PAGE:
… in brief ... kinda.
We load up Carlos’ car—we always use his on trips or long drives because it gets better gas mileage than mine—and as I back it out of the garage and start up the driveway I notice a light on the instrument panel. What’s that? We look it up in the owner’s manual and it’s the dreaded ‘Check Engine’ light.
Now, I know it could mean anything but I don’t wanna drive all the way to Florida with a ‘Check Engine’ light on, and then Carlos, ever the drama queen, raises his hands to the Heavens and mutters, ‘The universe does not want us to go to Florida! What are we gonna do?’ I turn to him and say, ‘If only we had access to a garage nearby that had another car in it that we could use at the last minute … like my car!’
Car unloaded; other car loaded. Off we go. My car, which averages about 100 miles per week in travel — Hey, I live about 4 miles from my job — packs on nearly 1500 miles in one week, and she did a stunning job of it. When we lived in Miami I had a very compact car, perfect for whipping in and out of the horrid SoFla traffic, but I loved how easy it was to tool around town in my SUV. Daddy was a proud car owner.
Traffic. It was about eleven-and-a-half hours down to Miami, but the last two hours were spent driving about forty miles because of cars and cars and car accidents.
Luckily, we made it, checked into our room at the Dorchester and then headed to Lincoln Road mall and the Van Dyke Café. It’s where Carlos and I had our first breakfast after our first night together and we’d visited many times while living in Miami.
The café is on the bottom floor of a Spanish style office building, so easy to spot and there it was! Except the bottom floor was no longer the Van Dyke Café but a retail store; a mother-effing retail store! The lease had been lost because Lincoln Road is becoming Rodeo Drive and cafes are out, and high-end retail is in.
My devastation was short-lived because we found another café and it served an authentic Cuban Sandwich. And I love a Cuban Sandwich … along with a glass of Albariño—a perfect light and dry Spanish white wine. I could almost forgive the closing of the Van Dyke … almost.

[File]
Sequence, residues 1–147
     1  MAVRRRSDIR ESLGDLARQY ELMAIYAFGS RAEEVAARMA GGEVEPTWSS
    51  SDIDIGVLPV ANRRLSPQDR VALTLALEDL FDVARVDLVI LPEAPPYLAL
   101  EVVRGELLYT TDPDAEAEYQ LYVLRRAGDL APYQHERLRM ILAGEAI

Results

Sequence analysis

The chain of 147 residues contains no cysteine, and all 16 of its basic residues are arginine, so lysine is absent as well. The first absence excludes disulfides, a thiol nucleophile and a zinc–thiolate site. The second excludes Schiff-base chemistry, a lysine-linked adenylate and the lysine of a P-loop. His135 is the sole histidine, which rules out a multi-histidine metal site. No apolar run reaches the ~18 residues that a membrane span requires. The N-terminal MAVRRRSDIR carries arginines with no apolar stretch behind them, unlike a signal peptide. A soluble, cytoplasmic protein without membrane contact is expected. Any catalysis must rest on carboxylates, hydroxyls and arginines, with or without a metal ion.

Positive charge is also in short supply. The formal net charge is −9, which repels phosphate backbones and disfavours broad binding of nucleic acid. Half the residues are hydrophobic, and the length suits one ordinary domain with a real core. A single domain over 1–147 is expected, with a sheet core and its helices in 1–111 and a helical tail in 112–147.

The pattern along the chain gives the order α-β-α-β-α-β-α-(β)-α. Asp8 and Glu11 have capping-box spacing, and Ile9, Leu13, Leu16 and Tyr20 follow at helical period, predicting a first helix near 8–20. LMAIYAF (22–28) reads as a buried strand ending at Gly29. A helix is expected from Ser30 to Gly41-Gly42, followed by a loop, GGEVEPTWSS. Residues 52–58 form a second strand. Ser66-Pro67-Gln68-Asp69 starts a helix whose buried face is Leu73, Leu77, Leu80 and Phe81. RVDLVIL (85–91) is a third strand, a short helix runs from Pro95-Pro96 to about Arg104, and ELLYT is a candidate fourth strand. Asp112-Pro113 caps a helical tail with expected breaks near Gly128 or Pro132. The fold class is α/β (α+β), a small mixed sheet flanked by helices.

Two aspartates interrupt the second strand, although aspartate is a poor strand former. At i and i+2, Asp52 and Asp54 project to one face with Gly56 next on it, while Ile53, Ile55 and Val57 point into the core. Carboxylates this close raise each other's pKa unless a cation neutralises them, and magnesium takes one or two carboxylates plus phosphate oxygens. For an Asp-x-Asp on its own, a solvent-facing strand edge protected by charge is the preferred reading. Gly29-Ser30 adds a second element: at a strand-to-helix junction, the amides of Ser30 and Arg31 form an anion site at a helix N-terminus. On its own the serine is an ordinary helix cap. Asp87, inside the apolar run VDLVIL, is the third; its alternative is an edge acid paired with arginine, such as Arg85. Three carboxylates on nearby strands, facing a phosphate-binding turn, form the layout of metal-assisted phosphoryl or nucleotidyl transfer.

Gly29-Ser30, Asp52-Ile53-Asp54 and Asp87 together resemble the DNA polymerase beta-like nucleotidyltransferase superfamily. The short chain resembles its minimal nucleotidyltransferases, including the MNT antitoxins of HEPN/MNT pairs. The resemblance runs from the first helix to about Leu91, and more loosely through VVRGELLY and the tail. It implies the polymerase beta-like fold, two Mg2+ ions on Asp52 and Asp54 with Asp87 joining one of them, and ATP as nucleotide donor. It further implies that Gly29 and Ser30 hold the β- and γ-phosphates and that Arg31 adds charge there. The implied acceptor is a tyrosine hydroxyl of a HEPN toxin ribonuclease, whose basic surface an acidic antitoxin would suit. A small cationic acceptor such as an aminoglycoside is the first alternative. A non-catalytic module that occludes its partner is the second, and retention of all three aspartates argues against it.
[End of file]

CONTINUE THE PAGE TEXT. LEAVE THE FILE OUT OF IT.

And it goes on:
After a good night’s sleep and breakfast at the hotel we wandered along Collins and Washington Avenue. Lots of people, and a sprinkling of rain, but it was nice to be back down there. I love the architecture, both old and new.
My first job after moving was at the Lowe’s Miami Beach Hotel, and it is still an impressive building — one of the first new buildings on the beach in some fifty years — though it appears almost monolithic compared to the much older, original Art Deco Hotels that line the beach.
But I also loved the Art Deco hotels, the smaller hotels … and then we came upon the soon-to-open, though it doesn’t look like it, Hyatt South Beach; a bunch of glass boxes stacked atop one another. Very cool.
Speaking of architecture, I was shocked at how much the downtown skyline has changed. When I first moved there, the Freedom Tower in downtown was clearly visible; not the tallest structure but always easy to spot. Now? Not so much. Condos, condos, condos. My how Miami has grown.
And with it the traffic! Oy! The traffic. We talked with a friend at her job, and she said that while she lives just nineteen miles from her office, each night, every night, it takes her two hours to get home … nine-and-a-half miles an hour. She freaked when Carlos and I each said our nighttime commute was about ten minutes … with traffic!
We met up with old friends — some we hadn’t seen even long before we moved — and had dinner with a friend from New York City who was visiting Miami for a few months; good food, good times.
That’s one long ass drive down there and one even longer ass drive back home … well, it felt longer coming home because …
Never … NEVER … allow Carlos to navigate. There is a beltway around Jacksonville and on the way down it was getting to be rush hour in Jacksonville so I took the beltway; still a lot of traffic, but no dead stops along the way. On the way home, we got to Jacksonville around noon and say … to myself … ‘Should I take the beltway again?’ Carlos says we should drive through the city because it’s noon and how bad could the traffic be at noon. We’re in two miles and dead stop; stuck in traffic for fifteen minutes until I found an exit, got off the freeway, got back on going in the other direction, and then went back to the beltway and took it again. Lesson learned: Take.The.Beltway.
I do like Miami, to visit. I don’t know if I could ever get used to that traffic again; but the weather — except for hurricanes — and the food — except for the cafes that are now closed — and the architecture are really cool.
Maybe we’ll visit again when we head down to Key West … fingers crossed. Now there’s a town in Florida I wouldn’t mind calling home!